Food Banks seeing bare shelves, asking for donations

"This month is going to be crucial for us," Jack Little, Executive Director for East Cooper Community Outreach, said.

Little said the need for food is critical.

"It's not just people who aren't working or are working poor. It's people from all walks of life," Little said.

He said just this week, four times as many requests for food have come in as they usually have.

All summer long, he said it was a struggle to provide people with the food they needed. Little said food is in high-demand in the summer, mainly because children are out of school, and families are needing to put more on the table.

He said neighborhood food drives were needed just to get through the summer, and the situation isn't getting better fast enough.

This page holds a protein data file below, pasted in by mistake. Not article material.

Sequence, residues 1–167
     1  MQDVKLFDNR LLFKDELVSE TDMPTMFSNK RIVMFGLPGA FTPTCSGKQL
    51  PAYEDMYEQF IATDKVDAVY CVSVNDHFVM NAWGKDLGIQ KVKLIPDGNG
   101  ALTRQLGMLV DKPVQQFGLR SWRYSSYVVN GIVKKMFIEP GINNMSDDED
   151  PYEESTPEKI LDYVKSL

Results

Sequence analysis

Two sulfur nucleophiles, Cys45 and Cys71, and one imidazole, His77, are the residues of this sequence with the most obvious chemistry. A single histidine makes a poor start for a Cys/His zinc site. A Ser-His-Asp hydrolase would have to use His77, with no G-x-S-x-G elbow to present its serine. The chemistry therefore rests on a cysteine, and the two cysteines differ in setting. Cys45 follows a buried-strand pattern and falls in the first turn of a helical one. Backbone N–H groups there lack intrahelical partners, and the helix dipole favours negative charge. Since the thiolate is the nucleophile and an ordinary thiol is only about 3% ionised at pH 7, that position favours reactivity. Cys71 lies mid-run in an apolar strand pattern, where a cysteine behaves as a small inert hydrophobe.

A spokesperson for the Lowcountry Food Bank, which distributes food to agencies like ECCO, says most food banks are seeing bare shelves. She said there has been a 30 percent increase in demand.

Little said a food bank on James Island called him today asking for food, but he had to say no.

"We told them we were out, " Little said.

He said in order to feed those in need, not just in East Cooper, but all over the Lowcountry, they need more donations.

"We're expecting things to get better, but it's going to take a while.

September is Hunger Action Month, and the Lowcountry Food Bank is promoting the "Skip a Lunch, Feed a Bunch" campaign. They're asking you to donate the equivalent of what you'd spend on lunch to the Lowcountry Food Bank. Every dollar raised can provide 10 meals.